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Posted: July 18, 2006
Connect the quantum dots
(Nanowerk News) A new study from the University of Miami, published today in the current issue of the Proceedings of the National Academy of Sciences has significant implications for the design of disease markers and the development of chemoreceptors used in human biomedical research. The groundbreaking study, entitled, "A Mechanism to Signal Receptor-Substrate Interactions with Luminescent Quantum Dots", demonstrates that quantum dots can one day replace conventional organic dyes in biomedical applications.
By using the unique photophysical properties of quantum dots, researchers Drs. Francisco Raymo, Ibrahim Yildiz, and Massimilliano Tomasulo were able to identify operating principles to probe molecular recognition events with luminescence measurements. These findings demonstrate that mechanisms based on photoinduced electron transfer can be exploited to transduce a recognition event into a significant change in the luminescence of a quantum dot. This research proves this important fundamental principle and lay the necessary groundwork for researchers to further improve its sensitivity, stability and reproducibility for biomedical applications.
"Our method has a long-term impact on biomedical diagnostic applications which currently rely on the fluorescence of organic dyes," says Francisco Raymo, Ph.D., associate professor of chemistry in the University of Miami's College of Arts and Sciences. "For example, our strategy can be designed to signal specific disease markers in biological samples thus replacing conventional organic dyes in a diversity of imaging and sensing applications."
Fluorescence microscopy and spectroscopy have become invaluable analytical tools in biomedical research but rely on the fluorescence of organic dyes which have limited luminescent properties. Quantum dots have superior photophysical properties and will presumably replace conventional organic dyes in biomedical applications. These findings will stimulate the use of quantum dots in the biomedical research and development of disease markers and chemosensors.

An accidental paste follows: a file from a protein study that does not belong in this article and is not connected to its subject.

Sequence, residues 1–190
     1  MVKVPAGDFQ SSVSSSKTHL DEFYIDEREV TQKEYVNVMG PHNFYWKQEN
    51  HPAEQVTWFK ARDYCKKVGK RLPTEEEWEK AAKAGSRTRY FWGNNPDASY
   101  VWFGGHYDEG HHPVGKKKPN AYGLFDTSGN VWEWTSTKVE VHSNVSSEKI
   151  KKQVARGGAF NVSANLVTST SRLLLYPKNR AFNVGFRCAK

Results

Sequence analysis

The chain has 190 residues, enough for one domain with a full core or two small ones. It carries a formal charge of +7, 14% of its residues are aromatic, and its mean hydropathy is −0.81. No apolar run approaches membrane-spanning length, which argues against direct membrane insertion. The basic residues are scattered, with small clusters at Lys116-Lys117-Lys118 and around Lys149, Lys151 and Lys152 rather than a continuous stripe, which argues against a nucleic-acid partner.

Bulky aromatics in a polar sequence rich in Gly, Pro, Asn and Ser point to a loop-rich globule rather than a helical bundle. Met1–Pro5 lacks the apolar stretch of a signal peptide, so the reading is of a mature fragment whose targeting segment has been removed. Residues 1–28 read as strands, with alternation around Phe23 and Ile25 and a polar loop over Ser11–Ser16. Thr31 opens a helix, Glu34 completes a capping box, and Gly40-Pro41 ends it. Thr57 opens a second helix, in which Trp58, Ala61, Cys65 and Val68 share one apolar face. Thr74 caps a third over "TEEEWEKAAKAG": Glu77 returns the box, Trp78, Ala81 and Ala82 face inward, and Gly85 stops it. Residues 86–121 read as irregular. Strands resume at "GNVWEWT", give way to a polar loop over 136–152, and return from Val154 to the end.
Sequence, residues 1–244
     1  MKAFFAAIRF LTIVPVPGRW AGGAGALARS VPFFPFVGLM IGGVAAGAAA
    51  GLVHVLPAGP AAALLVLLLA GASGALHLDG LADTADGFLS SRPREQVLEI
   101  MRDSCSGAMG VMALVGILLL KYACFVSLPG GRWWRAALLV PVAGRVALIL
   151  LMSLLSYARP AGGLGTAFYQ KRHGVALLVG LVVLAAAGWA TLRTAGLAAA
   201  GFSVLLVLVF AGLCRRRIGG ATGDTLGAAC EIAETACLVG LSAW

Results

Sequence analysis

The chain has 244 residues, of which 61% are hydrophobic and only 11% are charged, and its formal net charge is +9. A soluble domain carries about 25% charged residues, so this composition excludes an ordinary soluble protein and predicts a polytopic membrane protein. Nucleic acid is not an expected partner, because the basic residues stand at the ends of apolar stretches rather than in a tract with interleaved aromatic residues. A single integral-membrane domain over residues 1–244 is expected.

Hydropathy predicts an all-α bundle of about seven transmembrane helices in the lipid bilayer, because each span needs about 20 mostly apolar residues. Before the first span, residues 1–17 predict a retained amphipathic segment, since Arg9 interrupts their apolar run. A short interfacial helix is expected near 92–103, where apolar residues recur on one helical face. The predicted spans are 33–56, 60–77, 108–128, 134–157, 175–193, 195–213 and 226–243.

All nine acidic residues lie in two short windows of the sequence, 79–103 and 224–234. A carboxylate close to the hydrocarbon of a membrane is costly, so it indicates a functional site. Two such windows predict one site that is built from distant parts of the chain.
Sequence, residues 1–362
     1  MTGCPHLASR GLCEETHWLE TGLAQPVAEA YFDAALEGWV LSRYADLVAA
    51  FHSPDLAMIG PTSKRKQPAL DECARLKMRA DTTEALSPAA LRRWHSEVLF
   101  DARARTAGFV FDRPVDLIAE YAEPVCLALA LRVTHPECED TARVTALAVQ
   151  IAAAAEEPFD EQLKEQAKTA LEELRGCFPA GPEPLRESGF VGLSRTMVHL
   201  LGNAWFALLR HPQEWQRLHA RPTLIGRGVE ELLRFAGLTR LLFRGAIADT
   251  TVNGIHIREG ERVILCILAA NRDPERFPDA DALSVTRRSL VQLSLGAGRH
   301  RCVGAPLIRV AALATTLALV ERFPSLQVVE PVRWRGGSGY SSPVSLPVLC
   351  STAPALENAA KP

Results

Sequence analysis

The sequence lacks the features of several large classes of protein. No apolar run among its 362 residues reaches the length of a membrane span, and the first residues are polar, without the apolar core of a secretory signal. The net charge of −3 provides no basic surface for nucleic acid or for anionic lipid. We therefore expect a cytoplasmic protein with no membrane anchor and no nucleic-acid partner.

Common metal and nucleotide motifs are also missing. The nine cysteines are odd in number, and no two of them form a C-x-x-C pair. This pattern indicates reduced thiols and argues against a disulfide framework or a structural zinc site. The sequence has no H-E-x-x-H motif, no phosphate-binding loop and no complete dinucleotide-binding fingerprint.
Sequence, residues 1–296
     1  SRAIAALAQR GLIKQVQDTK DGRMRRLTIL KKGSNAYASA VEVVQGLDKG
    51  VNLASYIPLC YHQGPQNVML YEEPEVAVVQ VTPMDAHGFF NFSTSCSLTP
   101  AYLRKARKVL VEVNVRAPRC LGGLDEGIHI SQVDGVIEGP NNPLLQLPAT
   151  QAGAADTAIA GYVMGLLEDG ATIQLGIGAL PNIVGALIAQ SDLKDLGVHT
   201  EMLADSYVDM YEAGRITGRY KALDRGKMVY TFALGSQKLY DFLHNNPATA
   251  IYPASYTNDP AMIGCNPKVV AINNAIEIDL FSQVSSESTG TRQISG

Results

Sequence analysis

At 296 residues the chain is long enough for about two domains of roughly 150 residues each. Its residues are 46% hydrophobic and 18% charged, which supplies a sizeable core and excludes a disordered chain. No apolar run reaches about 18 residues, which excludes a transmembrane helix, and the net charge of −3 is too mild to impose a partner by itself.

"On its own this research paper is very significant and ahead of its time in the field of nanotechnology," says Alexey Titov, Licensing Manager for the University of Miami's Office of Technology Transfer. "However, it also has commercial applications which are a truly outstanding and rare combination."
Two patent applications have been filed by University of Miami Office of Technology Transfer on behalf of Dr. Raymo and colleagues for these inventions and the university is in the process of finding an industrial partner capable of commercializing these inventions.
Quantum dots, one of the smallest nanoscience research tools, range from 2 to 10 nanometers in diameter; nearly 3 million quantum dots would be needed to fit within the width of a thumb. By virtue of their distinct colors, quantum dots have quickly found their way into homes in many electronic lasers including the new PlayStation 3 and high-definition DVD players. Nanotechnology, the understanding and control of matter at dimensions of roughly 1 to 100 nanometers, is valuable research since matter at the nanoscale has unique properties that enable novel applications. Medical researchers work at the nano-scales can develop new drug delivery methods, therapeutics and pharmaceuticals.